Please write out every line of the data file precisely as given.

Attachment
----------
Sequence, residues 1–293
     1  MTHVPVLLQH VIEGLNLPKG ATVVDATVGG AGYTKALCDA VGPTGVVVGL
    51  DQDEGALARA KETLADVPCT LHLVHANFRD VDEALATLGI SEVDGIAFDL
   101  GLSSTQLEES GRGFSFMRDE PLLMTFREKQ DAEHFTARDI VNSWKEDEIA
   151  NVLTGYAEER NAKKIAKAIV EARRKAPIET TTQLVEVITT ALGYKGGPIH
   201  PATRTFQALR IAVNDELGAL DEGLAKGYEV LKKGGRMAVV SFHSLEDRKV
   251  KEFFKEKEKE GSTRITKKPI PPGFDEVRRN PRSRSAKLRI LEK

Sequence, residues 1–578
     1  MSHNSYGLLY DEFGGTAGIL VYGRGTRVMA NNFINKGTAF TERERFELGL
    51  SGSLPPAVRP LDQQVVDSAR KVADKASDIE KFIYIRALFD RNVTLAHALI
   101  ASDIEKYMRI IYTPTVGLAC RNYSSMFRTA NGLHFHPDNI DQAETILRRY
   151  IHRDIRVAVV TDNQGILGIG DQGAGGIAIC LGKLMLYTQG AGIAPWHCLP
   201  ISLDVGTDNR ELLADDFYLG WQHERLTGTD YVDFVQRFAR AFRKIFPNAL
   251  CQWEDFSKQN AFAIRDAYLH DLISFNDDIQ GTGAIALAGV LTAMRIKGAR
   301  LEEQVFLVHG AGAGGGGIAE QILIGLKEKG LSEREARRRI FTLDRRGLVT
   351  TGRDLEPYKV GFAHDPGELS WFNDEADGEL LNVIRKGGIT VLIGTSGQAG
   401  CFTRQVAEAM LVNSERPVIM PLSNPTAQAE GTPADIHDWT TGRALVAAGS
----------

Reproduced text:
Sequence, residues 1–293
     1  MTHVPVLLQH VIEGLNLPKG ATVVDATVGG AGYTKALCDA VGPTGVVVGL
    51  DQDEGALARA KETLADVPCT LHLVHANFRD VDEALATLGI SEVDGIAFDL
   101  GLSSTQLEES GRGFSFMRDE PLLMTFREKQ DAEHFTARDI VNSWKEDEIA
   151  NVLTGYAEER NAKKIAKAIV EARRKAPIET TTQLVEVITT ALGYKGGPIH
   201  PATRTFQALR IAVNDELGAL DEGLAKGYEV LKKGGRMAVV SFHSLEDRKV
   251  KEFFKEKEKE GSTRITKKPI PPGFDEVRRN PRSRSAKLRI LEK

Sequence, residues 1–578
     1  MSHNSYGLLY DEFGGTAGIL VYGRGTRVMA NNFINKGTAF TERERFELGL
    51  SGSLPPAVRP LDQQVVDSAR KVADKASDIE KFIYIRALFD RNVTLAHALI
   101  ASDIEKYMRI IYTPTVGLAC RNYSSMFRTA NGLHFHPDNI DQAETILRRY
   151  IHRDIRVAVV TDNQGILGIG DQGAGGIAIC LGKLMLYTQG AGIAPWHCLP
   201  ISLDVGTDNR ELLADDFYLG WQHERLTGTD YVDFVQRFAR AFRKIFPNAL
   251  CQWEDFSKQN AFAIRDAYLH DLISFNDDIQ GTGAIALAGV LTAMRIKGAR
   301  LEEQVFLVHG AGAGGGGIAE QILIGLKEKG LSEREARRRI FTLDRRGLVT
   351  TGRDLEPYKV GFAHDPGELS WFNDEADGEL LNVIRKGGIT VLIGTSGQAG
   401  CFTRQVAEAM LVNSERPVIM PLSNPTAQAE GTPADIHDWT TGRALVAAGS